Fetes were daytime affairs with a log fire burning, cake served and exhibitions of free skating given in both the English and Continental styles. Relaxed competitions in school figures for the more proficient skaters in attendance were contested. In contrast, gymkhanas were much more lavish afternoon or dusk affairs. Stone's book explains that "gymkhanas were altogether more frivolous with everyone encouraged to join in. They were usually organized by one or two of the local sporting clubs who used the entrance fee as a way of raising funds. One of the hotel bands would be hired for the occasion, Chinese lanterns were hung down the centre and on reaching the bottom, would split on either side. On reaching the top again, each would be joined by another skater so that the next time there would be four. They would keep doubling up until there was a massive column filling the entire rink. After a day or so of many diverse exertions, everyone would forgather for tea, or more probably, hot chocolate. In those hotels created for mountaineers there was little ceremony. A president at The Bear in Grindelwald tells how 'tea was served out of two urns with large baskets, chained to table legs to prevent theft, and filled with cakes. One just helped oneself to tea and as many cakes as one wanted and sat down wherever there was room. One one lady, whose husband was the uncrowned king of the British skating, was allowed a tablecloth and a teapot... At this time 'apres ski' - and even the American cocktail - were still unknown. Guests had to find their own amusement during the dull dusk interval between tea and dinner. The serious skaters at The Bear would congregate in the entrance hall, passing around a dirty and increasingly damp towel for cleaning the blades prior to leaving their boots overnight on one of the big heaters. Most hotels had a billiard room where the men would repair. The ladies would knit or read in the lounge while the band played selections from the light classics."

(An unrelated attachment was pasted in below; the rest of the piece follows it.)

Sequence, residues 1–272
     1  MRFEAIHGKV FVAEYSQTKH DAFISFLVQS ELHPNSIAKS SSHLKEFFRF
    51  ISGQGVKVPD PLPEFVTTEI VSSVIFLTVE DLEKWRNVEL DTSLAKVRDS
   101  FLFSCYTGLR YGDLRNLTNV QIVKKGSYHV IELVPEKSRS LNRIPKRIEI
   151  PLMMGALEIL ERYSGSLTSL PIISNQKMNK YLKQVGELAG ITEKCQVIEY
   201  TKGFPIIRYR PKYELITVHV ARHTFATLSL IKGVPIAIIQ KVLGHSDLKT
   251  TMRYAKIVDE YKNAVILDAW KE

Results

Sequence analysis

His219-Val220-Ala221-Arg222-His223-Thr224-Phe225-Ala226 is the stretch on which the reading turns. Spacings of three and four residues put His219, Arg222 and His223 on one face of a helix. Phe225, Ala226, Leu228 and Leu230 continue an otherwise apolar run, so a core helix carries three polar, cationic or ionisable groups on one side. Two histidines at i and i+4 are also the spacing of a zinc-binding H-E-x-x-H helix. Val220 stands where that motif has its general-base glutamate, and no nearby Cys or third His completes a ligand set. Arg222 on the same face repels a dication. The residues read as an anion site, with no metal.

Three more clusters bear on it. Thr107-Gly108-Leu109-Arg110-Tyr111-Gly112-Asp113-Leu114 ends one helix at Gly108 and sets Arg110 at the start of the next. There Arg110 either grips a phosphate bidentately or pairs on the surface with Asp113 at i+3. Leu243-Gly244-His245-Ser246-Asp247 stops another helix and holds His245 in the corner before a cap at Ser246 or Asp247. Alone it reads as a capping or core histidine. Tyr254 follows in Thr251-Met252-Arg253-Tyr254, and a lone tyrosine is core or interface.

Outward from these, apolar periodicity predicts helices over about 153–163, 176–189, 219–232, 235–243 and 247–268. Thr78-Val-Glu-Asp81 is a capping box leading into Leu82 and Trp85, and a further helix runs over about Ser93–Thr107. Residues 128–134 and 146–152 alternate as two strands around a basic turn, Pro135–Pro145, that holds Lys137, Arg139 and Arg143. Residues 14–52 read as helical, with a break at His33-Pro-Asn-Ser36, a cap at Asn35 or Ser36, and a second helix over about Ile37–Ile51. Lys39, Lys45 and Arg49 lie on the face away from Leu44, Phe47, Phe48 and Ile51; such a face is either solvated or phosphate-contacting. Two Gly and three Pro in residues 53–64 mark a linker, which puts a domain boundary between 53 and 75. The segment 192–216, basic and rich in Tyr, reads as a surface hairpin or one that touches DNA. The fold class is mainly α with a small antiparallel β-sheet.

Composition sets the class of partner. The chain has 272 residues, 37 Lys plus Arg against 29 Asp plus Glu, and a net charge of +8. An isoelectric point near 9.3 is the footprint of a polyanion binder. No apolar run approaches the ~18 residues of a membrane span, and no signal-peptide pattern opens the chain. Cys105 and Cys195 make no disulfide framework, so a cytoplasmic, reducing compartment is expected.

The use of music in these skating parties would surely have been met with disdain by the English skaters in Switzerland, who only a few years previous had been outraged at the Bear Hotel in Switzerland when Continental skaters had asked for a band to be hired to accompany their skating and had been effectively shut down by the English Style skaters. The Continental Style skaters decided to hire their OWN band then and the English Style skaters were forced to go along with it, much as they would have been at the gymkhanas. With the interpretation of music playing such an integral role in skating over the decades to come, it seems hard to fathom that skaters of a time not really so long ago would have had such rivalry over music being played at a skating rink. Politics aside. The 'good old fashioned fun' of these parties where competitors let their hair down and set aside their differences can offer the skating community a lesson even today. We don't always have to agree but if we work together and have a little fun, progress can and will continue to be made. Like the tables at The Grindelwald Skating Club's gymkhanas, there is room for everyone.

Skate Guard is a blog dedicated to preserving the rich, colourful and fascinating history of figure skating. Over ten years, the blog has featured over a thousand free articles covering all aspects of the sport's history, as well as four compelling in-depth features. To read the latest articles, follow the blog on FacebookTwitterPinterest and YouTube. If you enjoy Skate Guard, please show your support for this archive by ordering a copy of the figure skating reference books "The Almanac of Canadian Figure Skating", "Technical Merit: A History of Figure Skating Jumps" and "A Bibliography of Figure Skating":